12 Helpful Gen AI Strategies for Winning with Data Science

Every year, research reports cover the level of investment companies make in data science, the relatively small percentage of ML models that make it into production in front of customers, and the challenges in delivering ongoing business value. Even once data scientists successfully deploy models and deliver benefits, the complications of maintaining the models become an ongoing challenge.

12 Helpful Gen AI Strategies for Winning with Data Science

At a recent Coffee with Digital Trailblazers, I invited Howard Friedman and Akshay Swaminathan, authors of Winning with Data Science, as guests to share insights on the book and answer questions from the Digital Trailblazer Community

What separates ML and gen AI winners from failures?

My key question in this Coffee Hour: What practices are teams doing that separate out the winners from losing or not even winning enough?

Friedman and Swaminathan‘s first responses illustrate the challenges in developing and deploying models. “My absolute failure on the first go around with ML was a complete lack of thinking about deployment,” says Friedman. “I was so focused on the modeling that I didn’t think about the company and the operations.”

Swaminathan shared many of the issues data scientists face working in regulated industries where human safety is a concern. “If you look at how many of those models actually get deployed within health systems and end up impacting the lives of patients and clinicians, it’s an order of magnitude close to zero,” he says.

“Two categories of reasons why data science efforts fail, and we divided them into data and business-related reasons,” says Friedman. “The data reasons include not having high-quality data, the infrastructure, the personnel, the investments, or the quality control. Our book emphasizes the business reasons, including project management, communications, and collaboration. I’ve often seen failures because business cases weren’t there.”

“We’re seeing right now with generative AI is that many of the presumed benefits of these models are not always playing out,” adds Swaminathan.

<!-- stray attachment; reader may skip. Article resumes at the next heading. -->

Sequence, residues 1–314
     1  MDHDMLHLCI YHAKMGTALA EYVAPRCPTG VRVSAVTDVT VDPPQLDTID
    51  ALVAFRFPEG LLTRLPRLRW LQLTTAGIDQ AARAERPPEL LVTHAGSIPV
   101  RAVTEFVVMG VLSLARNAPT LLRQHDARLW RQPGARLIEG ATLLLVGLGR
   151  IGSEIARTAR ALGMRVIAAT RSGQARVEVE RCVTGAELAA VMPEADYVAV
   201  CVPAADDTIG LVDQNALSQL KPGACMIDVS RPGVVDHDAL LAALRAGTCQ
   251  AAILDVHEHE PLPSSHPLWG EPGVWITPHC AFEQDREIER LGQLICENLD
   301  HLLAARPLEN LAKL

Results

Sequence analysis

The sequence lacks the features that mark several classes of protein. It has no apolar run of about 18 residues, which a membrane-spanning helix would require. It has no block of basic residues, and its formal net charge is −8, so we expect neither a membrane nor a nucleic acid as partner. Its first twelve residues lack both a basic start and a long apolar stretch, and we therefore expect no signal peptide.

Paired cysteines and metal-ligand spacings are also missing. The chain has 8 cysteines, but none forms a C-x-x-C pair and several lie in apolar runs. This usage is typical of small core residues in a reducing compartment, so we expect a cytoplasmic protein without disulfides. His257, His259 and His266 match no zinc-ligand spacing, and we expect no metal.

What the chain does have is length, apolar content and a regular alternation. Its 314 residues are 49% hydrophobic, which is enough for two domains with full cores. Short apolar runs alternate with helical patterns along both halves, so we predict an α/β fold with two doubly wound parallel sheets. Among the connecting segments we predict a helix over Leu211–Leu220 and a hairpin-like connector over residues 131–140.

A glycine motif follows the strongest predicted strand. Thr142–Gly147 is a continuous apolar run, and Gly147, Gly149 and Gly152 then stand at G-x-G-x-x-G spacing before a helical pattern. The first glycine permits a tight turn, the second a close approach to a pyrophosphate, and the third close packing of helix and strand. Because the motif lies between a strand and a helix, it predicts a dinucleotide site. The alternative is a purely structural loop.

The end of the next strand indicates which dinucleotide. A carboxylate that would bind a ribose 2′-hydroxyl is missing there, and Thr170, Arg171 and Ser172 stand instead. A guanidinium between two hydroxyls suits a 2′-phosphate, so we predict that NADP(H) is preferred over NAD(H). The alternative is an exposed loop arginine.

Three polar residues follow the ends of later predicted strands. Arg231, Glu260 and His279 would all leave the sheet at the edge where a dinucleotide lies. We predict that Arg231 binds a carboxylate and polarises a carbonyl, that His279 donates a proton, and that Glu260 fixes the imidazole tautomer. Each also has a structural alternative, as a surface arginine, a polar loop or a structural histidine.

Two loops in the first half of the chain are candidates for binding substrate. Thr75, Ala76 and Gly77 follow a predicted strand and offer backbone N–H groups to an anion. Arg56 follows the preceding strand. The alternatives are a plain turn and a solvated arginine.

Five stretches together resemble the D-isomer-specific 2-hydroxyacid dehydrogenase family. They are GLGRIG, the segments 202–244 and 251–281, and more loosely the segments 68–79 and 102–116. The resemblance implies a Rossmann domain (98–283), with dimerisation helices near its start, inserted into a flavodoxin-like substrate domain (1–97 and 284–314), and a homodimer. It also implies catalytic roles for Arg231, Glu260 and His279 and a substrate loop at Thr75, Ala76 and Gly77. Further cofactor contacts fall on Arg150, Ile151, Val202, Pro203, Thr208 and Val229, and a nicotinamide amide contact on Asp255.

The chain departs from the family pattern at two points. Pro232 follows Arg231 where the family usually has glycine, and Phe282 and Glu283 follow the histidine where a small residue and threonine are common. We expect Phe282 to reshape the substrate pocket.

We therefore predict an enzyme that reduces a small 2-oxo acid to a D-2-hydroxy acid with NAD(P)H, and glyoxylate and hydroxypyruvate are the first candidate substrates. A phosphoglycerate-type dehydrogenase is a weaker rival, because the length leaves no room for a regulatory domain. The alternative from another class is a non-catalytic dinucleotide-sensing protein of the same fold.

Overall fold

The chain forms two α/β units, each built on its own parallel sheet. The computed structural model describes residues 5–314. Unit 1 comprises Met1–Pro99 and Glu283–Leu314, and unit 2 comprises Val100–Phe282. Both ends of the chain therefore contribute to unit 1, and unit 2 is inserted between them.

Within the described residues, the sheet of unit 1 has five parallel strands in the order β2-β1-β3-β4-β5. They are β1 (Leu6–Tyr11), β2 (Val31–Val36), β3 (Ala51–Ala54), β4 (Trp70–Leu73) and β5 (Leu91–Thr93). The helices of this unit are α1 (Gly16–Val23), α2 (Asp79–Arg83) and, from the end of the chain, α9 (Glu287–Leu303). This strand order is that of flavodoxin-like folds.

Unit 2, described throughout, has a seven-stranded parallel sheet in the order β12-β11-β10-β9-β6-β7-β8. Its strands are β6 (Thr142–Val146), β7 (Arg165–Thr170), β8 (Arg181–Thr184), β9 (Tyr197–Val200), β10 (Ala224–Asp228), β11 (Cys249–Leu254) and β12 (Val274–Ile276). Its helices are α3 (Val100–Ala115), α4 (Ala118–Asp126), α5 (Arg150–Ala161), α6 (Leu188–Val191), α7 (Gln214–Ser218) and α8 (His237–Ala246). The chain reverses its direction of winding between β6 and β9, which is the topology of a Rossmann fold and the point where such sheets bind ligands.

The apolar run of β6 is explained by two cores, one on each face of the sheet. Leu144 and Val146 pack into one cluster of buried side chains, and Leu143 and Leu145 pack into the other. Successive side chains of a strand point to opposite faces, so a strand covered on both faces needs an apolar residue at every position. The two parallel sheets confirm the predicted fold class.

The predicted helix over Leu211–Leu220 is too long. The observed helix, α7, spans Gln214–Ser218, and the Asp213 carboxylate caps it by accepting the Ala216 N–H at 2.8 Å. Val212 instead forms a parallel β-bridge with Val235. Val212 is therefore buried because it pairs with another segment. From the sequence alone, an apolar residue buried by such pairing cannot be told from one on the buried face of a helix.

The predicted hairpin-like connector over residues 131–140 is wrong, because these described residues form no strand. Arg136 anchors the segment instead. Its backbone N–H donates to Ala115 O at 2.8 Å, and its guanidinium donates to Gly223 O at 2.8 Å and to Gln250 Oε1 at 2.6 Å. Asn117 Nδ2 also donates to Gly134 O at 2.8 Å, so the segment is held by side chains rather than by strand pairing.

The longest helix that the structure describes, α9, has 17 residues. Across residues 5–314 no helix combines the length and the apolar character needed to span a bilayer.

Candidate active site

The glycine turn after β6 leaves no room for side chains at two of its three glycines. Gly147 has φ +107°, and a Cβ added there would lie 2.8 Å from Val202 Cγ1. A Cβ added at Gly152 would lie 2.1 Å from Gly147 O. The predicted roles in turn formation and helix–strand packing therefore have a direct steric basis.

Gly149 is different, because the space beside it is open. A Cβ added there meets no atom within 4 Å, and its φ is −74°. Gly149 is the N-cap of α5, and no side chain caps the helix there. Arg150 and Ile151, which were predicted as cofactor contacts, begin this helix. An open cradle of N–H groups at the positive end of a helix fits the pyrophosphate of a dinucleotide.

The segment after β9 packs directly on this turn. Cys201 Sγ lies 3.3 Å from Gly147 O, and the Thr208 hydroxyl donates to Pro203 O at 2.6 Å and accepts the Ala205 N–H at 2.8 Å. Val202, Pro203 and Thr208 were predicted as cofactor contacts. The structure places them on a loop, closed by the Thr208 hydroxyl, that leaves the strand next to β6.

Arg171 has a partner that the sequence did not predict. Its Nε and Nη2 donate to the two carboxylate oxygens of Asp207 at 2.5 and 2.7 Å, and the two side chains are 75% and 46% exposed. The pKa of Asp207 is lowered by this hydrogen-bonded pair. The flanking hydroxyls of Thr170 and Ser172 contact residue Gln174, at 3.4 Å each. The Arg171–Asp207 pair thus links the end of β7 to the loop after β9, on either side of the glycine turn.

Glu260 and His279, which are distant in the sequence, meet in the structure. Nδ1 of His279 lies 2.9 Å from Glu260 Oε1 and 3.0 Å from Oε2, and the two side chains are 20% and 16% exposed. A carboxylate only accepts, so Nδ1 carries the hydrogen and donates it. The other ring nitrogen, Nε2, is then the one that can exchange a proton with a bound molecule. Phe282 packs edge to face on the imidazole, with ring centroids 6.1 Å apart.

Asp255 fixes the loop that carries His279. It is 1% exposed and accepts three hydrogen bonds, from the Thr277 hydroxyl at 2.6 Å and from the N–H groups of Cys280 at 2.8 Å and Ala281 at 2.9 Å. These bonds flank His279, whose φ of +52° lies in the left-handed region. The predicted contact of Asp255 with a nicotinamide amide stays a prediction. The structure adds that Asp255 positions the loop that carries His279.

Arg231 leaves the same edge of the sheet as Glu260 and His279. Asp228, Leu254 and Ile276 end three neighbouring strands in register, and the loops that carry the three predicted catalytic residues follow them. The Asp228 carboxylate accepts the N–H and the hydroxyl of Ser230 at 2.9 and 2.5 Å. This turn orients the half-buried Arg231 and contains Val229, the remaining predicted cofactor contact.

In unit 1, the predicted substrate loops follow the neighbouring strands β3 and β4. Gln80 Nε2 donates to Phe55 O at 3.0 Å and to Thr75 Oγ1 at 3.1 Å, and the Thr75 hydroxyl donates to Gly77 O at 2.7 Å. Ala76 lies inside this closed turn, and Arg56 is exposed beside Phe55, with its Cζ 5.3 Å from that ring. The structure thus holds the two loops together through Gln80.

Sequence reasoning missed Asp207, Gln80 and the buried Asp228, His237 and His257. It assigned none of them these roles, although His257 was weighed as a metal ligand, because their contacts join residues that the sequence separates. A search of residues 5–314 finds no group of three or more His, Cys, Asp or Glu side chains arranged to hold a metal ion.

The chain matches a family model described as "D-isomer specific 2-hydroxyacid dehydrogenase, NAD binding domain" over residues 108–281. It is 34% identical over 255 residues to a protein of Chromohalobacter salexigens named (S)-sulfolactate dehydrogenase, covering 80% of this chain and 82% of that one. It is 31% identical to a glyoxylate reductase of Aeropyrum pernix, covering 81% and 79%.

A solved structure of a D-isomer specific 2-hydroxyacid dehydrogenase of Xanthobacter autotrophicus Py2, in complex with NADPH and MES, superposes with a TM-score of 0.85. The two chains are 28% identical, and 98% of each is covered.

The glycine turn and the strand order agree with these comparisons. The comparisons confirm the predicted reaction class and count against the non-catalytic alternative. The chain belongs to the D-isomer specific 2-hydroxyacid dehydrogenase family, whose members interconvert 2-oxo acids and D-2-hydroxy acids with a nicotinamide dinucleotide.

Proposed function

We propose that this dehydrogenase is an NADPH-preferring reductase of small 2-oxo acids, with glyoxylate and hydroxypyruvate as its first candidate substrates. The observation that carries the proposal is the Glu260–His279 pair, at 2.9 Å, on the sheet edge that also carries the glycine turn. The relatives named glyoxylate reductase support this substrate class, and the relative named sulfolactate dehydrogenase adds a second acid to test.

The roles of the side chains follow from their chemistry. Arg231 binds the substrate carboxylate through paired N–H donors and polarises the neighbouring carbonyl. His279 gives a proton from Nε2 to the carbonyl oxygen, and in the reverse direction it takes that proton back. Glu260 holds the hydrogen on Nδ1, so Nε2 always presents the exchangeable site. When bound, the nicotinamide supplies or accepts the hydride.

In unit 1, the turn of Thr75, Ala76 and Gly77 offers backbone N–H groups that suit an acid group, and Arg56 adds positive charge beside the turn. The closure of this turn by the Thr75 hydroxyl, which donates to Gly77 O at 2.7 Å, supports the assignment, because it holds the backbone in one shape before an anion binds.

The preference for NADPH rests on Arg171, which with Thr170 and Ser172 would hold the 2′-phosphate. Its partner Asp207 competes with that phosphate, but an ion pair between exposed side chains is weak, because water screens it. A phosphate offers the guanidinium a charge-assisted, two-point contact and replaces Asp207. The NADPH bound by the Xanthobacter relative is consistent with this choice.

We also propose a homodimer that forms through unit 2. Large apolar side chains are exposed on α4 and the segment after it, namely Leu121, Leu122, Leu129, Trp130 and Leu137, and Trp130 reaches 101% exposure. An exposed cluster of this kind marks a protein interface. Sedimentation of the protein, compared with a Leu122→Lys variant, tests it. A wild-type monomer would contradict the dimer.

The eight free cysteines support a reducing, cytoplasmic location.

12 AI success strategies for Digital Trailblazers

During the Coffee Hour, we discussed one use case in healthcare where ML reviews thousands of daily chatbot messages and flags patients at risk. What follows were Friedman and Swaminathan‘s recommendations and insights into finding appropriate business cases, developing models in regulated industries, and deploying human-in-the-loop ML and gen AI solutions that deliver value.

  1. Start with the deployment in mind. Think about how a model is going to be deployed and used. Who are the humans using the ML, and who in IT do we need to get engaged? Partner with the end users and think about deployment from day zero.
  2. Define the problem. “If you’re in acute distress, having a mental health crisis, and you have to wait eight, nine hours, that’s kind of a recipe for disaster. The goal was to build an ML model that could identify the messages that patients sent indicating suicidality, homicidal, self-harm, and domestic violence and then route those as quickly as possible to our crisis response team.”
  3. Learn the end-users’ workflow. “The crisis response team has a Slack channel where any clinician can come in and post, “Hey, I have a patient experiencing a crisis.” On the Slack channel, they’ll assign which crisis counselor to tag to contact the patient. Their entire workflow was in Slack.”
  4. Define the business case. “I see many companies feeling pressure to have a gen AI strategy, and it makes me very uncomfortable because it means someone starting with a proposed solution and saying, ‘Figure out how to use this tool.’ [Instead, ask questions]: What are the main issues in the business? What are the opportunities we think we can have in revenue? What are the issues that are causing operations costs to be high? You need to know a bit of the right language and be willing to ask good questions and challenge assumptions.”
  5. Establish compliance and governance upfront. “Governance itself is something that people often wrestle with later after the problem has reared its ugly head versus having it defined at the forefront.”
  6. Cultivate a multidisciplinary team. “Building the model is often the biggest focus. You need many other skill sets to get to deployment, including an implementation science skillset, MLOps, data engineering perspectives, and others.”
  7. Winning with Data Science Identify a data-compliant, scalable architecture. “[In healthcare], have a secure HIPAA compliant data lake and robust de-identification. We had a business agreement with Slack, so even if patient messages contained identifying information, it was okay because we contracted for a HIPAA compliant Slack. OpenAI can create for you a secure Azure instance where it’s a closed system. Open source genAI models have come considerably far if you have the in-house skills to build and host your own summarizer on your own servers.”